To pursue his Ph.D., Shoalmire entered Mississippi State University in Starkville in Oktibbeha County in east central Mississippi. In 1969, he completed the dissertation entitled "Carpetbagger Extraordinary: Marshall Harvey Twitchell, 1840-1905", a study of Marshall H. Twitchell, the Louisiana Republican state senator from Bienville and Red River parishes. As a legislator, Twitchell pushed for the establishment of Red River Parish and brought many of his northern relatives to live there, mostly as planters.[6] In 1876, his Redeemer detractors fired six shots at him, and he lost use of both arms below the elbows. He played dead and avoided even more bullets. Twitchell then left Louisiana and spent his later years as a diplomat in Windsor, Canada.[6] Shoalmire's dissertation stemmed from his earlier study of Reconstruction in Red River Parish.[7] In writing his original study on Red River Parish, Shoalmire located the Marshall Twitchell papers in the attic of a Twitchell grandson in Burlington, Vermont, and brought the materials to Prescott Memorial Library at Louisiana Tech.[8] The Twitchell papers were used by Ted Tunnell, a professor at Virginia Commonwealth University in Richmond, in his 2001 publication, Edge of the Sword: The Ordeal of Carpetbagger Marshall H. Twitchell in the Civil War and Reconstruction.[9]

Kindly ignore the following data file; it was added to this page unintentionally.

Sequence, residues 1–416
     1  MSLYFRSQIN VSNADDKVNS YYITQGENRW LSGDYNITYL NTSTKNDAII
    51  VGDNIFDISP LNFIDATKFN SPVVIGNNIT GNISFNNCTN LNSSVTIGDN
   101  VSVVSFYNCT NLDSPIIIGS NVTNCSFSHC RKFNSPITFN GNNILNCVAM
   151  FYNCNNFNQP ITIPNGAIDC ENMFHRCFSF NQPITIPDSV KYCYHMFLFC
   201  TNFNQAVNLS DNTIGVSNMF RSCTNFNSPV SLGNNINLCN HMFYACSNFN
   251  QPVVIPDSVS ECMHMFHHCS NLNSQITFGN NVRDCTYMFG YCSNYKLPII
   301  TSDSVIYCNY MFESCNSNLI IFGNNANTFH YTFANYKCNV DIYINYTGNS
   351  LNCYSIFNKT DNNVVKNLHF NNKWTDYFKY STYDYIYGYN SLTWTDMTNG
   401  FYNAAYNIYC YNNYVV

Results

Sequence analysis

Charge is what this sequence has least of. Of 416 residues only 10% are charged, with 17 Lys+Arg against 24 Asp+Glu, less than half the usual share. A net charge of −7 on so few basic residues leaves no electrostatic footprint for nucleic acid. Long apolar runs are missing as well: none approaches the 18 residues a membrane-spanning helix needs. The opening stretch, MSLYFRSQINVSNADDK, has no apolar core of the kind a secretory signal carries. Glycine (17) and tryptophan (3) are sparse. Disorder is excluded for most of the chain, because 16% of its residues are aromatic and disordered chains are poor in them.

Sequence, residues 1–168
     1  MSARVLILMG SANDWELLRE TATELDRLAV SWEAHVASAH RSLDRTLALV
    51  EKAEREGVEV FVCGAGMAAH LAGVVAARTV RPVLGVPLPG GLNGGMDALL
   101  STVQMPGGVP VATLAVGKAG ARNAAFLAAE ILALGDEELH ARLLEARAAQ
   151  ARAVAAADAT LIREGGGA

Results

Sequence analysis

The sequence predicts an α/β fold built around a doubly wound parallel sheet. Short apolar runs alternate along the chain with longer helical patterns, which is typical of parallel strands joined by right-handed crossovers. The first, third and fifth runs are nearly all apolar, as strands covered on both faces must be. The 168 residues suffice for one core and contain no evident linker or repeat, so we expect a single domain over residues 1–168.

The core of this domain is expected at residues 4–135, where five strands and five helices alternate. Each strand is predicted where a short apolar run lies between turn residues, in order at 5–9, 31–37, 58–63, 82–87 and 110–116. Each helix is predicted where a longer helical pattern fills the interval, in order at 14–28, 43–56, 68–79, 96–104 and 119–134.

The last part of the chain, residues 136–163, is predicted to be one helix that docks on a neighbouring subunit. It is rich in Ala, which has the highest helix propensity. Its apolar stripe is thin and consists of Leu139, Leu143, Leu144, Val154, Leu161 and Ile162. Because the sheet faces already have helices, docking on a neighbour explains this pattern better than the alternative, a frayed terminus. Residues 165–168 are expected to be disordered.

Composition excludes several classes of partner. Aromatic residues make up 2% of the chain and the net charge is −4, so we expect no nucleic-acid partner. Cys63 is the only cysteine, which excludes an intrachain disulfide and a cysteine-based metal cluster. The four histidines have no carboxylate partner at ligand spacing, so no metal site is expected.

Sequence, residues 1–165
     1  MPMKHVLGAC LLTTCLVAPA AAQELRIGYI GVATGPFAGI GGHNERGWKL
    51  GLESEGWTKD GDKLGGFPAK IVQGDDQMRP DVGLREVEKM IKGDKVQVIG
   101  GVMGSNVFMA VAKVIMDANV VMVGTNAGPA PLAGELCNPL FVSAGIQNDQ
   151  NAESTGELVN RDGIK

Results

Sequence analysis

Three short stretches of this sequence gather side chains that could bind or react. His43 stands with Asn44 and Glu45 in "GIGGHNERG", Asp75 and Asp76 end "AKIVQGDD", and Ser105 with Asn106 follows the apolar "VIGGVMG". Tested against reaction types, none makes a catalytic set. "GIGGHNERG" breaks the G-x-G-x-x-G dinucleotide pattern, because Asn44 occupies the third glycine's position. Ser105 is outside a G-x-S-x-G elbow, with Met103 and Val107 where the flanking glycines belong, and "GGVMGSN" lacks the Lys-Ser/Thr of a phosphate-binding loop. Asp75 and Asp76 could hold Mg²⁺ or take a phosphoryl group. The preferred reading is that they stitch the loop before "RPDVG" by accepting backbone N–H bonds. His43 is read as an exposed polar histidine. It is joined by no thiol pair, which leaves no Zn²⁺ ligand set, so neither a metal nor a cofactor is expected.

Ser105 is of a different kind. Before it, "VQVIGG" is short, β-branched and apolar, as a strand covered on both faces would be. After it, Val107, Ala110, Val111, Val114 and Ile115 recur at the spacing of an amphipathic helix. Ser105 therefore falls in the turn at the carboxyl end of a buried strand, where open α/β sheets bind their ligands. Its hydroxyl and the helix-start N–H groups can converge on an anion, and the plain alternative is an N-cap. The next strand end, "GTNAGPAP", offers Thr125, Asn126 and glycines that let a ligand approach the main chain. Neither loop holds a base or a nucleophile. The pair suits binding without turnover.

In 1973, Shoalmire co-authored with his MSU colleague, Roy Vernon Scott, The Public Career of Cully Cobb: A Study in Agricultural Leadership. Cully Cobb, originally a poor farmboy from Tennessee, became a southern agricultural publisher and philanthropist. From 1933-1937, Cobb was a director of the Agricultural Adjustment Administration, a New Deal agency which supervised the plowing under of cotton fields to reduce farm output in hopes of reversing the lagging prices paid to farmers. In the preparation of their book, Shoalmire and Scott used papers from the Henry A. Wallace Collection at the University of Iowa at Iowa City.[10]